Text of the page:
Gerard Healy. Photo: Getty Images
THE AFL was informed last year that an Essendon official had made inquiries about peptides - the substances at the centre of the club's scandal - at a sports medicine conference 12 months ago, according to former Brownlow medallist and AFL commentator Gerard Healy.
Healy said that he notified the AFL's then general manager of football operations Adrian Anderson, about the inquiry by the Essendon official, which Healy said was merely one of ''concern'' rather than any attempt to procure it.
Healy was spoken to by AFL integrity officer Brett Clothier, who is heading the AFL's part in the joint investigation with the Australian Sports Anti-Doping Authority into Essendon's possible use of performing-enhancing drugs. Former player Kyle Reimers said the players were told the substances were ''right at the borderline'' .
As the Bombers confessed their concerns about the supplements their players had taken - believed to be peptides administered via injections - they suspended Dean ''The Weapon'' Robinson, the man who headed their conditioning program last year.
Gold Coast is prepared to face investigation - and ready to co-operate fully - given that Robinson and his underling Steve Dank both worked at the Suns. Dank left after three months while Robinson, who presided over a plague of soft-tissue injuries at Windy Hill last year, left late in 2011.
Robinson previously worked at Geelong, which last night said in a statement: ''While we have no evidence or information that this individual acted in an improper manner during his employment at the Geelong Football Club, we are ready to co-operate fully with the investigation.''
Sources say that the use of peptides - administered as supplements to Essendon players - is central to the investigation, which could have dramatic consequences for both the club and the competition.
Healy revealed on 3AW his knowledge of the Essendon official's question and later told Fairfax Media that he heard this story from a high performance sports scientist from another sport.
''Clearly he was asking in a concerned manner,'' Healy said. He had been phoned by Clothier about a month after passing on the information to Anderson.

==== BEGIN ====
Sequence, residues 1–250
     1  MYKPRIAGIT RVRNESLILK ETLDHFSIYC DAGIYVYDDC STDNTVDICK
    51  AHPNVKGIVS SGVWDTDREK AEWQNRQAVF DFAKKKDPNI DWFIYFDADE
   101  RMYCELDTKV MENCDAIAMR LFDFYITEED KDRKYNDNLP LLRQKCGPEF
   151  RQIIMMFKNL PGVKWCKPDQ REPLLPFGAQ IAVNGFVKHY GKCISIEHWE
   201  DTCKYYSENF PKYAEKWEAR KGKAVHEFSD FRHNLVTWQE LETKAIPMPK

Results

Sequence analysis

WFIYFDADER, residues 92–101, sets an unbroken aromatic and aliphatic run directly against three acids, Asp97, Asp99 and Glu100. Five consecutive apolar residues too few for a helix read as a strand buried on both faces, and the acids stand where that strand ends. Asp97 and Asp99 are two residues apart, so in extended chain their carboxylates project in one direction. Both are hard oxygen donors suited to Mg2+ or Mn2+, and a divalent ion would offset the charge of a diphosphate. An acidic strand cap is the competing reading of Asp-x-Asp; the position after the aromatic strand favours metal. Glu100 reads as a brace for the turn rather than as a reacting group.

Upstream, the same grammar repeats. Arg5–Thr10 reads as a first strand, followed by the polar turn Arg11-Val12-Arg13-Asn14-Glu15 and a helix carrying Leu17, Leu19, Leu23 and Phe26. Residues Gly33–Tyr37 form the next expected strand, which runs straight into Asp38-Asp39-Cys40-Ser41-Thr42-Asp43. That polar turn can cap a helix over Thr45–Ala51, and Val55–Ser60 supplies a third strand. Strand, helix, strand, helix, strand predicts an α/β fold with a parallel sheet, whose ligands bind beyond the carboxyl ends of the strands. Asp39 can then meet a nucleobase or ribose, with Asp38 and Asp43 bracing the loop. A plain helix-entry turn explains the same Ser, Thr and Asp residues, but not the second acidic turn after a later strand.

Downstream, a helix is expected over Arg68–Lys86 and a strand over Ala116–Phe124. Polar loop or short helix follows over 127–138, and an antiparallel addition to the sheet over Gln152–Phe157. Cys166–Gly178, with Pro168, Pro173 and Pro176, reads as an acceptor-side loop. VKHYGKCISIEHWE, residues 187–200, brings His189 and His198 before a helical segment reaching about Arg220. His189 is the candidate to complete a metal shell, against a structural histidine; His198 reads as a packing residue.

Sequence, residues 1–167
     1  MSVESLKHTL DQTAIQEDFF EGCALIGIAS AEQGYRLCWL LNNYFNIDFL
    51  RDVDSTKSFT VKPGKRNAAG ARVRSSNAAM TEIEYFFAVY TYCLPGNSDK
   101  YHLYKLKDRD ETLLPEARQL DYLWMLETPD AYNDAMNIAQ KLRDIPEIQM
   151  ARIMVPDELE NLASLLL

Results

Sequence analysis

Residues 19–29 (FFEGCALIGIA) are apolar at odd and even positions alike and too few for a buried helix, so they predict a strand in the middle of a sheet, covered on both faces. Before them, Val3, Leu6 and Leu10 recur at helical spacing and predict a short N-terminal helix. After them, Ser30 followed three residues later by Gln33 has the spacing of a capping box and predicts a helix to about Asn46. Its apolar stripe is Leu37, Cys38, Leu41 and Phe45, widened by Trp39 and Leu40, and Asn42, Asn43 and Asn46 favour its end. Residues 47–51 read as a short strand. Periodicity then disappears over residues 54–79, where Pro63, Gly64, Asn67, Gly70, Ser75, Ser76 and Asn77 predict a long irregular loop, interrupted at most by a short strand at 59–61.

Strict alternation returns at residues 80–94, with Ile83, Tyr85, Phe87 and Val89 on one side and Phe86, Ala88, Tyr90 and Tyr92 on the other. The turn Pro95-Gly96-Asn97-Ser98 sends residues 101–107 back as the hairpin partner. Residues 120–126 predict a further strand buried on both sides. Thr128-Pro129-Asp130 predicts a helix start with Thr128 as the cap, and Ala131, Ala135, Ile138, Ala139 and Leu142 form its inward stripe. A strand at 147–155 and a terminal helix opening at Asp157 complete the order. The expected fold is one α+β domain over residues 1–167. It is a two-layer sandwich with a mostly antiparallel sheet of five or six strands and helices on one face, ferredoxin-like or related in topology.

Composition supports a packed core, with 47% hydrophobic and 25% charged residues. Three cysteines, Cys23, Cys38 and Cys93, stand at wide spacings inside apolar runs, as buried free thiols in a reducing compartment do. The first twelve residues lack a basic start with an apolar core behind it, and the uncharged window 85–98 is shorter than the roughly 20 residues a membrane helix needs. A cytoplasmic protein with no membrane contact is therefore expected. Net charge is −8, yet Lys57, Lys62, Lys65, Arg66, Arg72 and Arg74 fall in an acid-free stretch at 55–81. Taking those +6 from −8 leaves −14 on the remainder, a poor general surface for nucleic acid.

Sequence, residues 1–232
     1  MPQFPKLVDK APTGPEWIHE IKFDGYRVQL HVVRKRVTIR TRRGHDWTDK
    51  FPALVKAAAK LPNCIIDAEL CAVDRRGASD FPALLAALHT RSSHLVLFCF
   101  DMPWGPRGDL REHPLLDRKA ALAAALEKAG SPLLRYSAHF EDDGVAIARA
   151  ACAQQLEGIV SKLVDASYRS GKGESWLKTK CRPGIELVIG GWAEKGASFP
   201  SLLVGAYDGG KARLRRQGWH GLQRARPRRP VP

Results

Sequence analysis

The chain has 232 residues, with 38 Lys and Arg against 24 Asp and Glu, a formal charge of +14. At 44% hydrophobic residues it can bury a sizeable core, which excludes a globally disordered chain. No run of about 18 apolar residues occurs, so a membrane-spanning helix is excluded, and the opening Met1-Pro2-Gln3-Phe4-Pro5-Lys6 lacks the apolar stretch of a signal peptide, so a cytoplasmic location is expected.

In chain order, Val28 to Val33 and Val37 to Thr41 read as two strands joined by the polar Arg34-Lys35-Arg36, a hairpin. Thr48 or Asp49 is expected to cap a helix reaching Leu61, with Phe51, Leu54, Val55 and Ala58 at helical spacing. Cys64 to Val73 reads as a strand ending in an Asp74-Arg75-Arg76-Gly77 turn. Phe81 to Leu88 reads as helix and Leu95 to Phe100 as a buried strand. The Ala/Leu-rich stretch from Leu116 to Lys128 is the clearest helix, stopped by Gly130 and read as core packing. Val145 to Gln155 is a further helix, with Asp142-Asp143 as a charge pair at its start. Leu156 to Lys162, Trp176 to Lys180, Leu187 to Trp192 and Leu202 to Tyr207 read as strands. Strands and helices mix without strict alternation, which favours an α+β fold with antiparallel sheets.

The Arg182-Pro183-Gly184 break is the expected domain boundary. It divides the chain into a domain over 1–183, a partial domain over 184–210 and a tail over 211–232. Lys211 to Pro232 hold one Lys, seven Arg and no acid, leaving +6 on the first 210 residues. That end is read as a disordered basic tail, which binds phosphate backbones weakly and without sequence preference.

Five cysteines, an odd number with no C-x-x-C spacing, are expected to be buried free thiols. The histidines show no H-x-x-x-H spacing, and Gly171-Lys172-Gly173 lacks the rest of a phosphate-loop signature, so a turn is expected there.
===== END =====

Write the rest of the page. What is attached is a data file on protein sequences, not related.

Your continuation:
There are various types of peptides, including those which promote muscle growth and thus have similar properties to human growth hormone. There are also peptides that are inert and legal for athletes to take.
Essendon has admitted its players took supplements but the club leadership said they only learnt in recent days that there were issues with some of these products. The club would not say how many of its players had taken these supplements.
While the AFL is working with ASADA on the investigation any potential punishment - severe if proven - could be out of the AFL's hands as it would be required to fall in line with ASADA policy.
The AFL will rely heavily on ASADA's expertise in the matter and the source said the AFL would be in accord with the drug agency in terms of punishment.
Potentially players could face bans of more than two years if found guilty of using performance enhancing drugs.
Coach James Hird said he believed the players were clean. ''The supplements our players were given, in my opinion and my knowledge, were all approved and within the regulations we all play the game by,'' he said.
''I'm very disappointed - shocked is probably the best word. I believe we followed processes, we put in place the right sort of processes.
''My understanding is we worked within the framework given to us by the AFL and WADA. I'm shocked to be sitting here.''
Essendon said it consulted its staff, then briefed the board before telling the AFL that supplements had been given to its players.